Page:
# Laser Alignment: Is the Laser Perpendicular?

Discussion in 'Enlarging' started by ic-racer, Nov 23, 2008.

1. ### ic-racerMember

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Since there were a few threads on enlarger alignment I thought I'd show this image that explains the how you can tell if your enlarger is out of alignment, or if your laser light is not perpendicular. The people that sell the laser light don't show you this because 'the laser light will always be perpendicular...'

When you take you alignment reading, rotate the laser and watch the reflected beam.

A) If the reflected beam stays centered on the target, this indicates the laser is perpendicular and the baseboard is parallel to the reflecting surface

B) If the reflected beam is not on center and it does not move in relation to the enlarger as the laser is rotated, this indicates the laser beam IS perpendicular and the reflecting surface is NOT parallel to the baseboard.

C) If the reflected beam is not on center and it follows the laser unit as it is rotated, that is, it always reflects back to the same point on the laser faceplate, this indicates that the laser beam is NOT perpendicular and the reflecting surface IS parallel to the baseboard.

D) If the reflected beam is not on center and it follows the path of a circle with a center that does not rotate around with the laser faceplate, this indicates the laser beam is NOT perpendicular and the reflecting surface is NOT parallel to the baseboard. If you adjust the laser beam closer to parallel, the circular path of the beam gets smaller and smaller until it matches condition B. If you align the reflecting surface to be more parallel to the baseboard, the path of the beam will become concentric with the laser orifice and it will approach condition C.

BOTTOM LINE: Good enlarger alignment can be indicated by both diagrams A and C below.

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2. ### Martin AislabieSubscriber

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Good explanation - and nice diagram too

Martin

3. ### ZoneIIIMember

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That's how I have always checked my own laser alignment tool out but your explanation goes further to describe the various possible conditions than I had thought of before. In fact, I'm going to print your excellent diagrams and post out for future reference and keep it in the box with my Versalab tool. Nice explanation! Thanks for posting. Very useful.

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4. ### Lee LMember

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I always do the same check on laser collimators for telescopes. Nicely presented.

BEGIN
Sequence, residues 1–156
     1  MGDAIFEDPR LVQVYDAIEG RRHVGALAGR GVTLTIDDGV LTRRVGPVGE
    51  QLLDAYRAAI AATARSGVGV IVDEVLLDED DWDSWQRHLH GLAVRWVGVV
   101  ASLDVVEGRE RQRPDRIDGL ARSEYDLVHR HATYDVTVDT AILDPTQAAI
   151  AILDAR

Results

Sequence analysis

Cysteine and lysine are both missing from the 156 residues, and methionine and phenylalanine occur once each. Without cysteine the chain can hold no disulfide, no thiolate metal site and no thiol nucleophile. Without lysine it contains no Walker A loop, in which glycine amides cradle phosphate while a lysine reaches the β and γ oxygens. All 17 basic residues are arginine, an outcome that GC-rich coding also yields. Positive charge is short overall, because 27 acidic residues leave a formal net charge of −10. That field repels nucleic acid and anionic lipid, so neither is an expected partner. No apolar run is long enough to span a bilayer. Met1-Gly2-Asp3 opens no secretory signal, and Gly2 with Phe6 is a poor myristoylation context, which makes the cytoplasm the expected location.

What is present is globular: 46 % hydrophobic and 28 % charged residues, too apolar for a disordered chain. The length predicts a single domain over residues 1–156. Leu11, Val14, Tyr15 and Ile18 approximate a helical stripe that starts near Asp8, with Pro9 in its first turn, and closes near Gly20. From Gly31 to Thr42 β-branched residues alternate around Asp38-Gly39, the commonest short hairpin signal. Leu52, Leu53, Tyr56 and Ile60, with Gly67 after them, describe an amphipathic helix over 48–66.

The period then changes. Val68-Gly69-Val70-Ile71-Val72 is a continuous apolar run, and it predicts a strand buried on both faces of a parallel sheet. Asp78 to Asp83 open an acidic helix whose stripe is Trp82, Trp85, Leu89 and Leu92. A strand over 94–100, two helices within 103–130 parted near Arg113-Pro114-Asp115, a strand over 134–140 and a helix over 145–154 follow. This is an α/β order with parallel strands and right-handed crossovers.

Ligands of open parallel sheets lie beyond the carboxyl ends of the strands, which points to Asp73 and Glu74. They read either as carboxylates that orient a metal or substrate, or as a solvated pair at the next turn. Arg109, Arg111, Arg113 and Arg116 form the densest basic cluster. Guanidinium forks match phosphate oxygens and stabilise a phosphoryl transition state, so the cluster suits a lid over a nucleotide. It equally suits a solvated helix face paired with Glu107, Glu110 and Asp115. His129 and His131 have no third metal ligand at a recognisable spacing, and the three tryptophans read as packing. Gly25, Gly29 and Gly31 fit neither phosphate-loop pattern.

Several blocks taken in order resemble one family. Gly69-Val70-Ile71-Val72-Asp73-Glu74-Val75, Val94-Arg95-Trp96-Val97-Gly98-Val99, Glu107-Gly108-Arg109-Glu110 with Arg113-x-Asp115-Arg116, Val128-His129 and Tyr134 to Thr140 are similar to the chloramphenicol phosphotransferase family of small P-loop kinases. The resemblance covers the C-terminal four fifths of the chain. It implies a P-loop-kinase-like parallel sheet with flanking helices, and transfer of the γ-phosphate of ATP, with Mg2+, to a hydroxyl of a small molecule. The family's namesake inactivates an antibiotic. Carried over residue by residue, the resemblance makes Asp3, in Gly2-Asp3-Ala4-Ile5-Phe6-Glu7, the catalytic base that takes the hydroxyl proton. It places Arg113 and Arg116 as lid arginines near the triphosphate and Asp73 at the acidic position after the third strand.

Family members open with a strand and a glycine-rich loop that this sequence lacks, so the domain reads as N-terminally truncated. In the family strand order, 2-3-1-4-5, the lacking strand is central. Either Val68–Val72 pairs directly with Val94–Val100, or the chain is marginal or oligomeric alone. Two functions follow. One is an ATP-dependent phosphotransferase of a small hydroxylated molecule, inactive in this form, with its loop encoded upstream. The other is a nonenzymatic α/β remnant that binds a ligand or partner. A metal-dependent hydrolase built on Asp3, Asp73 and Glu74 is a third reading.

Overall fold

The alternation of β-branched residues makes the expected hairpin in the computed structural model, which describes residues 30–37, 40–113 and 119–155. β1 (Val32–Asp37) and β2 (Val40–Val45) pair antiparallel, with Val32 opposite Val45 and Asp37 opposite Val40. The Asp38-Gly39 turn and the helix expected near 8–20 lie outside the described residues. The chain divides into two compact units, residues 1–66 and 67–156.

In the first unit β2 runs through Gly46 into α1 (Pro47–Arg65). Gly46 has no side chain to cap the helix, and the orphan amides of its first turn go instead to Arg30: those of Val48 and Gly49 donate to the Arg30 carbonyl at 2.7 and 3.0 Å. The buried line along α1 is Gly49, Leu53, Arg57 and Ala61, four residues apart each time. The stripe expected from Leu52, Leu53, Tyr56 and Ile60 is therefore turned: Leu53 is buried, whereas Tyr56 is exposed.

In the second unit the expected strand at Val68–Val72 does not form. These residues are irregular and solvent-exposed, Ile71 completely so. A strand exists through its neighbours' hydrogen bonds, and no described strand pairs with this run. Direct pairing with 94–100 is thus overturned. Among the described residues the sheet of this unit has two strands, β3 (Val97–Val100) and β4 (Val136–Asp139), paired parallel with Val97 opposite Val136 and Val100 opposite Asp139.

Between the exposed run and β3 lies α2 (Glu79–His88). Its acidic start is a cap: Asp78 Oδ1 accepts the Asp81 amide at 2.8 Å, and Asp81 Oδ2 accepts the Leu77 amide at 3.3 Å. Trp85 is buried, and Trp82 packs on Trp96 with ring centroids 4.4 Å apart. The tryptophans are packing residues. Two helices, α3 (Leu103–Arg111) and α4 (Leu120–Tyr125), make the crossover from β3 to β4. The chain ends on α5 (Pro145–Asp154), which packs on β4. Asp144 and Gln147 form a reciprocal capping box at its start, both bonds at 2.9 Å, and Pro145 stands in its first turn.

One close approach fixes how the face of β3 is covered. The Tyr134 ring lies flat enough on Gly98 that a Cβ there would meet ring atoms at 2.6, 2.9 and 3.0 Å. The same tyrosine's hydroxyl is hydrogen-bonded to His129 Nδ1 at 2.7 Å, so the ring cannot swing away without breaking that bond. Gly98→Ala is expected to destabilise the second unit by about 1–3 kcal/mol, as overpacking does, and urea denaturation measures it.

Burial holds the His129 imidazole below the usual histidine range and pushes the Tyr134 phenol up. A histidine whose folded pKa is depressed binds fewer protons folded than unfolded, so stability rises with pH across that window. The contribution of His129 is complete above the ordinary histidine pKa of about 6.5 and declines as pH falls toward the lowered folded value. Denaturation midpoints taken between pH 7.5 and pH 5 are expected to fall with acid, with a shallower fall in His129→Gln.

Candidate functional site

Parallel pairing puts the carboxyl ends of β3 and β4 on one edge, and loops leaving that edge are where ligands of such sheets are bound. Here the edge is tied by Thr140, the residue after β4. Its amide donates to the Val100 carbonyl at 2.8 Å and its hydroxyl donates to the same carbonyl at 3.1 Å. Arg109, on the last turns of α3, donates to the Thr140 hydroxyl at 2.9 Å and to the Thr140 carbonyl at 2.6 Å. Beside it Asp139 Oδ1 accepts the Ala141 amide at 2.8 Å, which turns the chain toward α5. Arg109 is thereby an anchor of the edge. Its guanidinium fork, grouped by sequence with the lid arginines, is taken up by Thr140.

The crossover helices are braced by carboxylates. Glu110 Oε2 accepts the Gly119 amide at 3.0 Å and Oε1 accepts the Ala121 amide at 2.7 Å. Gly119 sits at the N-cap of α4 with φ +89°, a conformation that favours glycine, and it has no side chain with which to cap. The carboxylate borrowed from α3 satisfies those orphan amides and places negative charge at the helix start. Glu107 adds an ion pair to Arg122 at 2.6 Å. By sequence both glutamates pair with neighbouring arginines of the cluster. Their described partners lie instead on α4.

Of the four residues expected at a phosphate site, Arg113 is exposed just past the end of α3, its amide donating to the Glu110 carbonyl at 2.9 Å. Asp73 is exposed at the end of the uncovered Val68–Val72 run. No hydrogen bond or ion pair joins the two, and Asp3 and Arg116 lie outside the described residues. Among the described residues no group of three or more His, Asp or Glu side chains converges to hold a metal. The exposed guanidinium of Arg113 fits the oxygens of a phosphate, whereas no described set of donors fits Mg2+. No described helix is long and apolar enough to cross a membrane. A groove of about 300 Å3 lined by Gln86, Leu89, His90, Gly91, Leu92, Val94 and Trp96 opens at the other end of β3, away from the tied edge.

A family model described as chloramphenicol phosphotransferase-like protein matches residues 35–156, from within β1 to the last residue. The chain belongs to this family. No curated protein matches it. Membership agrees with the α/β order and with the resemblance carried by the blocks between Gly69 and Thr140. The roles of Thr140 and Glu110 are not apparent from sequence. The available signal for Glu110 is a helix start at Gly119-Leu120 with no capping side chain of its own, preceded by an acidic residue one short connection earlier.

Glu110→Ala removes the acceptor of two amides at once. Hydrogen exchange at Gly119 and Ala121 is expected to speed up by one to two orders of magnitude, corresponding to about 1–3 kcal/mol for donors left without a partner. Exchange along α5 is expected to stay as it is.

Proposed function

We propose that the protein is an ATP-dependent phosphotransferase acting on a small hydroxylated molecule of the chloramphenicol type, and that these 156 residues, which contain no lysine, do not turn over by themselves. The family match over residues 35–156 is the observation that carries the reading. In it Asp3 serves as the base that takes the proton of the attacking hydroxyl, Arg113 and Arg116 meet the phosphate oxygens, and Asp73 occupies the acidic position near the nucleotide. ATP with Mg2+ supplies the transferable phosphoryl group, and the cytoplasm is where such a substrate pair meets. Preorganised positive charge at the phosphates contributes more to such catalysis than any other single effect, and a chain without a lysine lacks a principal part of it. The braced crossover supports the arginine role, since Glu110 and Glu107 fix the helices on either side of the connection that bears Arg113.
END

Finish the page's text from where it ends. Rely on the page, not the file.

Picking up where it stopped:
Lee

5. ### dancquMember

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Questions from one who does not use a laser for alignment.
Is that reflecting surface meant to be an exact substitute
for the negative? Is it assumed that the negative and
the reflecting surface occupy the same plane? Dan

6. ### NealSubscriber

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Dear Dan,

"Is that reflecting surface meant to be an exact substitute for the negative?"

Essentially yes, but it can simply be parallel to the negative plane (e.g. place the reflector above the negative carrier assuming the carrier is flat).

Neal Wydra

7. ### L GebhardtSubscriber

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You can also put the mirror in place of the lens to make sure the lens is aligned with the baseboard and the negative.

8. ### ic-racerMember

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Just to elaborate on what the others have pointed out.

The IMPORTANT alignment is between LENS and NEGATIVE and the baseboard is not so critical (especially at high magnification). HOWEVER, there is no easy way to get the laser between the lens and the negative stage so the usual practice is to align negative stage (or carrier) to the baseboard, then align the lens to the baseboard. In general, a optical glass is used as the reflecting surface (like a microscope slide) and it is either positioned on the negative stage or carrier, or held on the front rim of the lens. In practice, I usually just put a glass negative carrier in the negative stage and reflect off of that.

Just to elaborate on another technique I use; I have found the concentric rings of the diffraction pattern that occurs when the laser is pointed directly in to the center of the lens may be a better indication of lens centering than the front rim of the barrel. This is especially true on my 30mm Rokkor used for Minox and 16mm. The front of the lens barrel is the aperture ring, and it has a little wobble in it.

9. ### RJSMember